He also argued that, the Notice of Discontinuance filed in the instant appeal, is in the nature of arrest of the ruling reserved by this honourable Tribunal and same should be discountenanced on the ground that it is incompetent and unknown to our legal jurisprudence.

The Respondent’s learned counsel and amicus curie cited a plethora of authorities, inter alia, Umeanadu V A-G Anambra State (2008) 9 NWLR (1091) 175 S.C., Asonibare V Momodu (2014) 10 W.R.N. 140@145; Newswatch Communications Limited V Atta (2006) 12 NWLR (PT 993) 144; Eronini & Ors V Iheuko (1989) 2 N.W.L.R (Pt 101) 46; Ekundano V Keregbe (2008) LPELR 1100 S.C; Hon. Minister of Works and Housing V Thomas Nigeria Limited & Ors (2001) LPELR 7007; Okorodudu V Okorodudu (1977) LPELR 2495 S.C.; Arinze V Union Bank Plc (2018) LPELR 44757; and Agbaje & Ors V Otunola & Anor. (2017) LPELR 42382.

From the issue and arguments of the parties and the amicus curiae, the following are the issues that call for determination, viz.

  1. At what point in the course of proceedings can an appeal be discontinued and by what process?
  2. Whether the Appellant’s Notice of Discontinuance does not amount to an ‘arrest’ of a judgment/Ruling of this Honorable Tribunal and therefore incompetent?.

Order XIV of the Tax Appeal Tribunal Rules, 2010 deals with discontinuance of appeals.

Rule 1 An appellant may;

  1. At any time before the hearing of an appeal withdraw the appeal by filing a notice of discontinuance as in form TAT 5 signed by the appellant or his representative stating that the appeal is withdrawn; or
  2. At the hearing of the appeal and with leave of the Tribunal, withdraw the appeal.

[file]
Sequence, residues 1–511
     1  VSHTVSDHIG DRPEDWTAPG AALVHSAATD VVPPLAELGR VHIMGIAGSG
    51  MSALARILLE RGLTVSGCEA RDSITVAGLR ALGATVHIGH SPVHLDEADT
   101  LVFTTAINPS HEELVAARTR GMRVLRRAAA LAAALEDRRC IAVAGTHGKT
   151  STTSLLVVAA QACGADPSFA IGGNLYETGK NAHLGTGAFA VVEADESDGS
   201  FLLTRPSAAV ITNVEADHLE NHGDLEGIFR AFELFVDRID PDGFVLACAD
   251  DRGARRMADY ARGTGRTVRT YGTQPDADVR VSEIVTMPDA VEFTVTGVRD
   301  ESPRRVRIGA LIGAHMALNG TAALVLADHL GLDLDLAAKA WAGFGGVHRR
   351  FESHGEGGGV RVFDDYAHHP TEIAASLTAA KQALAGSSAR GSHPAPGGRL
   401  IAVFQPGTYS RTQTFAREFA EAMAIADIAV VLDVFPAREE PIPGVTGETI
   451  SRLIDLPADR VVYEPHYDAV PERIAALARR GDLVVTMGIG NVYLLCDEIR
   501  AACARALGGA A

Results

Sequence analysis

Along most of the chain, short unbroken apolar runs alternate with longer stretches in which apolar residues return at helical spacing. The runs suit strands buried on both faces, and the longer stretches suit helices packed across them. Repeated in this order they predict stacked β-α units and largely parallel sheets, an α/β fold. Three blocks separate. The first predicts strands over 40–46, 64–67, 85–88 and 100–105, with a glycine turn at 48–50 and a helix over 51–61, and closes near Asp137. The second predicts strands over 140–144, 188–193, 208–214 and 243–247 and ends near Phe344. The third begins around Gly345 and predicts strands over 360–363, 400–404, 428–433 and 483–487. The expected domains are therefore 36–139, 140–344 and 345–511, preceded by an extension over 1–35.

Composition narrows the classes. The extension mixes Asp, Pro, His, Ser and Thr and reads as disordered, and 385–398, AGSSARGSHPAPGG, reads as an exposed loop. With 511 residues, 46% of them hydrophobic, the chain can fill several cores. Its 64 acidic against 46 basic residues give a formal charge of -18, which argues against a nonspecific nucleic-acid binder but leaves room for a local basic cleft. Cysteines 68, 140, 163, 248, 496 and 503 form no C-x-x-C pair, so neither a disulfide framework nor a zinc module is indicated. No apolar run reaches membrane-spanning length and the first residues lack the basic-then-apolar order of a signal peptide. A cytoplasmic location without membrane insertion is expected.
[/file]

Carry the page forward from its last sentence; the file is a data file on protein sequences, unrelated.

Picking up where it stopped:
Under Order XIV Rule 1 (b) of the Tax Appeal Tribunal Rule, 2010, the Appellant requires the leave of the Tribunal before a Notice of Discontinuance can be filed where hearing has commenced in the appeal.

In the instant appeal, hearing has commenced to wit, the parties had filed written submissions in respect of the Respondent’s preliminary objection and ruling had been reserved for 6th March, 2019.

Against this background, the Appellant requires leave of the honourable Tribunal before it could file a Notice of Discontinuance.

Leave of court simply means judicial permission.

However, the Appellant filed its Notice of Discontinuance without seeking and obtaining the leave of this honourable Tribunal.

On the consequences of not obtaining leave where the Rules of court/Tribunal so require. See the case of Umeanadu V A.G Anambra State [2008] 9 NWLR (Pt 1091) 175.

‘In the present case therefore, there is no dispute whatsoever that the appellant’s notice of discontinuance was filed after the appellant’s action had already been fixed for hearing. Thus the appellant not having sought and obtained the leave of the trial court to discontinue his action against the respondents, that action remains firmly before the trial court for determination in accordance with the law. The court below was therefore right in its decision that the trial judge was correct in refusing or ignoring a discontinuance of the suit as sought by the appellant in the absence of the required leave under the law.’

See also, Leonard Eronini & Ors V Francis Iheuko [1989] 2 NWLR (Pt 101) 46 at 56- per Obaseki JSC.

‘it is clear therefore that a plaintiff and or a defendant who counter claims may withdraw his claim or counter-claim at any stage of the proceedings before judgment. These are mainly in circumstances where no date has been fixed for hearing. No leave is required. However, where the case has been fixed for hearing, leave to withdraw is required as the Rule gives power to the court to allow discontinuance…’

Where by the rules, a party is enjoined to seek and obtain leave of court or tribunal, before discontinuing his action or appeal, a mere notice of discontinuance, as in this appeal, cannot pass for a proper application for leave, which is expected to be obtained. See Omo V Amantu [1993]3 NWLR (Pt 280) 167 at 191.

It is pertinent to state that there is a preliminary objection attacking the competence of this appeal and the jurisdiction of this honourable Tribunal over the appeal.

It is submitted that, the issue of jurisdiction is so fundamental and the Tribunal should determine the issue before considering any other notice or application and before any other proceedings.

See Arinze V Union Bank Plc [2018] LPELR- 44757 where the Court of Appeal held ‘… it is well settled and trite that the question of jurisdiction is so fundamental that the adjudicating court should determine the issue first before embarking on any proceedings or any other application i.e the notice of discontinuance…’